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Adelges laricis - adult and eggs (click on image to enlarge it)
Author(s): Robert Dzwonkowski
Source: Pennsylvania Department of Conservation and Natural Resources - IPM Images

Adelgidae - (woolly conifer aphids)

The family includes about 50 species of small aphid-like insects which live on conifers and produce a dense woolly wax cover. They belong to the superfamily of Phylloxeroidea. Unlike the true aphids they never give birth to live nymphs and don‘t have siphunculi or cauda.

The adelgids have a complex life cycle usually lasting 2 years and typically requiring 2 hosts. The primary host is always a species of Picea on which galls are produced. The secondary hosts are other conifer species on which no galls are induced. The life cycle starts with the wingless "sexuales" on Picea which lay eggs in autumn from which the wingless "fundatrices" hatch. These overwinter and lay eggs parthenogenetically from which the "gallicolae" hatch. These produce the characteristic galls. Within the galls the gallicolae can develop into wingless forms which produce further fundatrices or into winged migrant forms which fly to the secondary host. On the secondary host also different forms are produced, depending on the species. These include overwintering "sistens" which in turn produce either wingless "progrediens" or winged "sexuparae". The latter fly back to the primary host. All forms, except the sexuales reproduce parthenogenetically.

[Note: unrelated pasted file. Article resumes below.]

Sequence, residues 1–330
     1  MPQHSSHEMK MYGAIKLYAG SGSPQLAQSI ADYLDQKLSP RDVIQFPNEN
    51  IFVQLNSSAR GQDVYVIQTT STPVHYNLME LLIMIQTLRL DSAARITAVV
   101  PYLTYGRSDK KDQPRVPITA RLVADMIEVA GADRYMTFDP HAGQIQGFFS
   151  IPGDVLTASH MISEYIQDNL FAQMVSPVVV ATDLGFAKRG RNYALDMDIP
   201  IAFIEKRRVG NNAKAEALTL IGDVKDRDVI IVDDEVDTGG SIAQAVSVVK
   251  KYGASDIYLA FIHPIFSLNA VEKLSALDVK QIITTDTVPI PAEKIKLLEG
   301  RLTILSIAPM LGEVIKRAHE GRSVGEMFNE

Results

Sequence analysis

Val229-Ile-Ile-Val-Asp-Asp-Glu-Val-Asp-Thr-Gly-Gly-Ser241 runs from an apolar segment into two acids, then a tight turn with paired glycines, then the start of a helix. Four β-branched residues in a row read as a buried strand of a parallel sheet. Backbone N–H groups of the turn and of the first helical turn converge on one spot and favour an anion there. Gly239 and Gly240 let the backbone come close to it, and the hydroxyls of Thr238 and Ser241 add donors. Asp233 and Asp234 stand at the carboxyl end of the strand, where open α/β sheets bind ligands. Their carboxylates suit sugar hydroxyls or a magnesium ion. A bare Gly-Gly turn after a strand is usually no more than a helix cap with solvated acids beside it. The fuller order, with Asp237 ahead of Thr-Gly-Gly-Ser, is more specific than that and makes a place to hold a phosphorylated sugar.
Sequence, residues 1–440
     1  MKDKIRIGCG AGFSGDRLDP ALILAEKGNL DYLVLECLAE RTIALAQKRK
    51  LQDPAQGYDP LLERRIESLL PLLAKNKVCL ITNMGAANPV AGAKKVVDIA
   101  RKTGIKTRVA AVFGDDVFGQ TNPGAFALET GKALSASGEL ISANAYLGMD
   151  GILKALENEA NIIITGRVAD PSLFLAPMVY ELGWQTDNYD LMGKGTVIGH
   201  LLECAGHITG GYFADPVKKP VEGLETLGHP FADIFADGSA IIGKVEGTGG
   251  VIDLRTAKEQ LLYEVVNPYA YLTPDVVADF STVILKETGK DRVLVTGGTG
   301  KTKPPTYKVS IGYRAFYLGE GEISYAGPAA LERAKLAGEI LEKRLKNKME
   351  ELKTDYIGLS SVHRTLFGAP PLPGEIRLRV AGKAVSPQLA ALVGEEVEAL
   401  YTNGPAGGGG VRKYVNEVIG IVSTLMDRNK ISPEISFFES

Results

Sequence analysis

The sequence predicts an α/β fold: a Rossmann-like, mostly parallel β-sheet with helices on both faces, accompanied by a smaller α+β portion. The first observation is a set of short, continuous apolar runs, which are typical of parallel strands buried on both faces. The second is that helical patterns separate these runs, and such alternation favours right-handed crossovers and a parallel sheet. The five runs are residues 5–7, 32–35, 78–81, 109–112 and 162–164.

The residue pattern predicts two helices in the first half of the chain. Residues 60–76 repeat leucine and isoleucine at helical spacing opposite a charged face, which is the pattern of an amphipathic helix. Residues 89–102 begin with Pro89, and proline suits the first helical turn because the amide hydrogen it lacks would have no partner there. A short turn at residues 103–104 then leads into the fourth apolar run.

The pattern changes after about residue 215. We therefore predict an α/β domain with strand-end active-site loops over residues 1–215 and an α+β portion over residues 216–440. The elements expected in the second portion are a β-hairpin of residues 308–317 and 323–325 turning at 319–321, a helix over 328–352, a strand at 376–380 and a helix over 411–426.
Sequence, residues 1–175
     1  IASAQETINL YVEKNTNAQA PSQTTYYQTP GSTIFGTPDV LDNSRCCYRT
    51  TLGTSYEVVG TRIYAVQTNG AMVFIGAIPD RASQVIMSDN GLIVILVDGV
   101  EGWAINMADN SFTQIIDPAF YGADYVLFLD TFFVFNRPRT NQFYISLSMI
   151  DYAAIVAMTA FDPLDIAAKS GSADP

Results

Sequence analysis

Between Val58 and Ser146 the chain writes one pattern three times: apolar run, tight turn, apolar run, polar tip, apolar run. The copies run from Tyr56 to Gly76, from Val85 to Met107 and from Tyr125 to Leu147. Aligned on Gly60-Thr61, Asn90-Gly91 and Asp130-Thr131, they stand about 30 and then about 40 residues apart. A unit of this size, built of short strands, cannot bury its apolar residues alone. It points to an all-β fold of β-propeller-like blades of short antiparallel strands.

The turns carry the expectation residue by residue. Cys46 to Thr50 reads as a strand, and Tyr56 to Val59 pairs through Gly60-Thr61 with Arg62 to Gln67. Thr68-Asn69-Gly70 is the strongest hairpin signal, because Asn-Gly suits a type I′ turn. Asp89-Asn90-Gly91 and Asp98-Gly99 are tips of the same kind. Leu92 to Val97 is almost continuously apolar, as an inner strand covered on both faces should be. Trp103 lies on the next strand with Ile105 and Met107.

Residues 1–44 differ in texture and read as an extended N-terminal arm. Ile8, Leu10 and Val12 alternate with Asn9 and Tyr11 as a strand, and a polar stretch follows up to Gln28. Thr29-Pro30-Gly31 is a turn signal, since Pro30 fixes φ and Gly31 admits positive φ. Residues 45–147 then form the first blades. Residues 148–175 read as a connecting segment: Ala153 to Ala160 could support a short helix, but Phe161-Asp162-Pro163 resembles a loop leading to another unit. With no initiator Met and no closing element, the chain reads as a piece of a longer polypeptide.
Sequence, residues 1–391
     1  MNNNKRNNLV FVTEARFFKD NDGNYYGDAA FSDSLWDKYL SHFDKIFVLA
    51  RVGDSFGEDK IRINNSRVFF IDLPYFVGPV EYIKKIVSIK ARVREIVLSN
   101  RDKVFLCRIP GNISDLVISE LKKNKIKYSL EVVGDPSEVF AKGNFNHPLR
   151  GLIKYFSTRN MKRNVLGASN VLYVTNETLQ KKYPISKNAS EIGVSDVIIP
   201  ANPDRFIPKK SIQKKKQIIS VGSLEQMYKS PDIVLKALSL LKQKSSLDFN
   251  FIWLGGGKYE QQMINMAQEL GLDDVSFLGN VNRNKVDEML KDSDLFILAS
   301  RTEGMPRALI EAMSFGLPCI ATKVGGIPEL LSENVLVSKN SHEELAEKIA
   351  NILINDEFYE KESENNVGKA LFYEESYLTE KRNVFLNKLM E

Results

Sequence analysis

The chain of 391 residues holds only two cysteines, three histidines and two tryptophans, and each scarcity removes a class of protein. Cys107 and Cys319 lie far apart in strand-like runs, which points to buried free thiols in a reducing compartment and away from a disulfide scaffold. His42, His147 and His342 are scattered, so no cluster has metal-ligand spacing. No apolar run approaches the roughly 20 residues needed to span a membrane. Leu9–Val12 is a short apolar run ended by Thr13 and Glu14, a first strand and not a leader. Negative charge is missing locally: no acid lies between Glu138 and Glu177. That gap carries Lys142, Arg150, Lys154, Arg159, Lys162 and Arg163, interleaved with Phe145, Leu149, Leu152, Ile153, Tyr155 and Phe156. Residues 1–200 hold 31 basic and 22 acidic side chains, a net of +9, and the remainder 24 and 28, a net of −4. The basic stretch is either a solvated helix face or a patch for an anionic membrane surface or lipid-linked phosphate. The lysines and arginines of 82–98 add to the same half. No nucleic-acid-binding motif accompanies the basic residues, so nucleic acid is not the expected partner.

The following genera and individual species are currently entered under Adelgidae: